Microsoft last week added a few more pieces to .Net, the company's still unclear vision of delivering software over the Internet to PCs and other devices.
The company announced partnerships with wireless handset and device manufacturers, and software components called HailStorm that can be delivered through those devices. It's all part of Microsoft's .Net strategy, which the company has been rolling out in pieces since June.
"They announce this over here and that over there, but it will be some time before we see the piece that links it all together and makes it work," says Dan Kusnetzky, an analyst with market research firm IDC.
HailStorm, which Microsoft describes as a set of Web services, and the new "smart" devices are two key parts of .Net. Web services that are chunks of code that can be embedded in applications or stitched together to form unique applications. Smart devices such as wireless phones, pagers and PDAs are key to .Net's promise of anytime access from any device.
"We need to be pioneers of this notion of phones that fully participate through .Net," said Microsoft CEO Steve Ballmer during his keynote address at the Cellular Telecommunications and Internet Association annual show in Las Vegas last week. "We see it as fundamentally important to the [.Net] vision . . . to make sure that there are devices that can fully participate in a software sense in this next-generation revolution."
Microsoft announced deals with High Tech Computer, which will embed Microsoft's Stinger software into its phone handsets. Stinger, set to ship at year-end, combines PDA and phone features in one device. Samsung, Sendo and Mitsubishi have already announced support.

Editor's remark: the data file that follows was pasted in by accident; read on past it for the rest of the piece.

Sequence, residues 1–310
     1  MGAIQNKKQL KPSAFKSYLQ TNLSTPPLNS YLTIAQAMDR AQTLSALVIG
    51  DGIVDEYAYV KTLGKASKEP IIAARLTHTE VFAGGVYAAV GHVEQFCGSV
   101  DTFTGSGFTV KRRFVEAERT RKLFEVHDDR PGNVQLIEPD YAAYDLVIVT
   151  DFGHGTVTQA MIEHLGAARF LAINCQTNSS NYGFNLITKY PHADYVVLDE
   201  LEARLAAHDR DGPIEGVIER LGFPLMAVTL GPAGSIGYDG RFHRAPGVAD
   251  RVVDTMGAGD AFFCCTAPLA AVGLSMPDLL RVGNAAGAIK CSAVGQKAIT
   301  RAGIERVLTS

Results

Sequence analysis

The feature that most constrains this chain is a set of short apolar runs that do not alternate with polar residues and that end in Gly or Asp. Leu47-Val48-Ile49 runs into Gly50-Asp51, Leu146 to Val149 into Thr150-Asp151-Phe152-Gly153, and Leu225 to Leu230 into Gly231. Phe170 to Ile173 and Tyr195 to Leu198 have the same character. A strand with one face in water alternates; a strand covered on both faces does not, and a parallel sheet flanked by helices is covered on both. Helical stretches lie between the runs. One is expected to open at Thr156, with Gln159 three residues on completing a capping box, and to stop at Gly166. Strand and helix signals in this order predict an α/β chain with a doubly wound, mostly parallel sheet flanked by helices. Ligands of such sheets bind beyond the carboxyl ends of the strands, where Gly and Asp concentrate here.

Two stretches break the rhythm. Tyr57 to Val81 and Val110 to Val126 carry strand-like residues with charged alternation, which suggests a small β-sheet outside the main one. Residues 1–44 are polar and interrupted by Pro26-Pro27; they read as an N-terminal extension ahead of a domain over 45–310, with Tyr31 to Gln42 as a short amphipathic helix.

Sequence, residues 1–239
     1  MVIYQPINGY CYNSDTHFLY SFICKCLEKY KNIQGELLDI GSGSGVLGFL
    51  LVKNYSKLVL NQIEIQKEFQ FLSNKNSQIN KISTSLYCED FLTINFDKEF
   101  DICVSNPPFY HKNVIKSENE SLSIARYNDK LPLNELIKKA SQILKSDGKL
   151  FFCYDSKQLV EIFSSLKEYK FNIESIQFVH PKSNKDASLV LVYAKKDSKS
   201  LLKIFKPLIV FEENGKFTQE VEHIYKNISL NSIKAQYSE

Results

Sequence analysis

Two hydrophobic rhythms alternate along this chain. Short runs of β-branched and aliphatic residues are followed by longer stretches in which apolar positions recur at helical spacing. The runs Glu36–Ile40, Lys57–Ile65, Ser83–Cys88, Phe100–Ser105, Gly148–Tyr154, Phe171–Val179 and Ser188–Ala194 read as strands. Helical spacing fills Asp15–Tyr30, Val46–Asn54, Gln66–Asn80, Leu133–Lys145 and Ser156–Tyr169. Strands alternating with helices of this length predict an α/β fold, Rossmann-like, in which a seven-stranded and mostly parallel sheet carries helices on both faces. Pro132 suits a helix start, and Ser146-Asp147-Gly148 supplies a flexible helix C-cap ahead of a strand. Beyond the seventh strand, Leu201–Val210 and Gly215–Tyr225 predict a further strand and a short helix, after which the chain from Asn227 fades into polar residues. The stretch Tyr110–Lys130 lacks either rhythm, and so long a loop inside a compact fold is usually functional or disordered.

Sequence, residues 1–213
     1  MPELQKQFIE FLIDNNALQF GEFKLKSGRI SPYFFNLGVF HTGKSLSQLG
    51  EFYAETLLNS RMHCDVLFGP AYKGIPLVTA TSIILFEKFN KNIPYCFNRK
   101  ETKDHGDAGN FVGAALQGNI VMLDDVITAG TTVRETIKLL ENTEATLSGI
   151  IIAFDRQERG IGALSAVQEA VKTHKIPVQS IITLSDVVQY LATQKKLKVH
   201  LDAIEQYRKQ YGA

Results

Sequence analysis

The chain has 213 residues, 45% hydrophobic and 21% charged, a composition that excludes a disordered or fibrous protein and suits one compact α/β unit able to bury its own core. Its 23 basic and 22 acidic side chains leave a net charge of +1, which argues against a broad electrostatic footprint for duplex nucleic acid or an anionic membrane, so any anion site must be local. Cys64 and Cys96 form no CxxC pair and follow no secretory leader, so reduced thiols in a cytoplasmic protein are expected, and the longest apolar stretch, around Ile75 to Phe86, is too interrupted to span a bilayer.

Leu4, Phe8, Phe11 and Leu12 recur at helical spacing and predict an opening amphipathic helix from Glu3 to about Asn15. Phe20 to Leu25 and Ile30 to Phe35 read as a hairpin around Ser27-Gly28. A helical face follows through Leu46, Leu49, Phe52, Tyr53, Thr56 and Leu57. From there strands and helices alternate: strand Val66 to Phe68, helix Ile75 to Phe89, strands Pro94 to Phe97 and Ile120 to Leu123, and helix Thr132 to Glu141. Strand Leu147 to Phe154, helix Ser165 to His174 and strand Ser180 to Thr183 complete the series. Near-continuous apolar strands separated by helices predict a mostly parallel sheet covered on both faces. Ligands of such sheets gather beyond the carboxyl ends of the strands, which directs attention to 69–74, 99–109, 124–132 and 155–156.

Microsoft also said J.D. Edwards will enable its OneWorld enterprise resource planning application to work on the Pocket PC, a Windows-based PDA platform, to allow real-time data access.
Stinger and the Pocket PC have been touted as key .Net devices.
The first set of services available to those devices is HailStorm, which is built on XML and the Simple Object Access Protocol.
HailStorm is based on Microsoft Passport, an online user authentication service, and is a set of Web-based services with catchy names such as myProfile, myCalendar, myWallet and myNotifications.
Passport provides the authentication to the services, which can be built into applications.
The services provide access to personal data stored centrally on the Internet. Any device, person or application that has implicit permission can read the data.
For example, users could let a travel agent update their calendars and send notification of the changes.
Microsoft also plans to run HailStorm as a business, serving as a clearinghouse for all the data needed for HailStorm services.
For example, the Passport data including authentication and credit card information will be stored in Microsoft data centers.
Observers were quick to raise security concerns, which have historically plagued Microsoft software.
Microsoft took great pains to say it would not mine the stored data and said users will control who sees what and when and for how long.
The services, expected to be available early next year, will be fee-based, but Microsoft did not disclose pricing.
This story, "Microsoft fills in more details of .Net software plan" was originally published by NetworkWorld.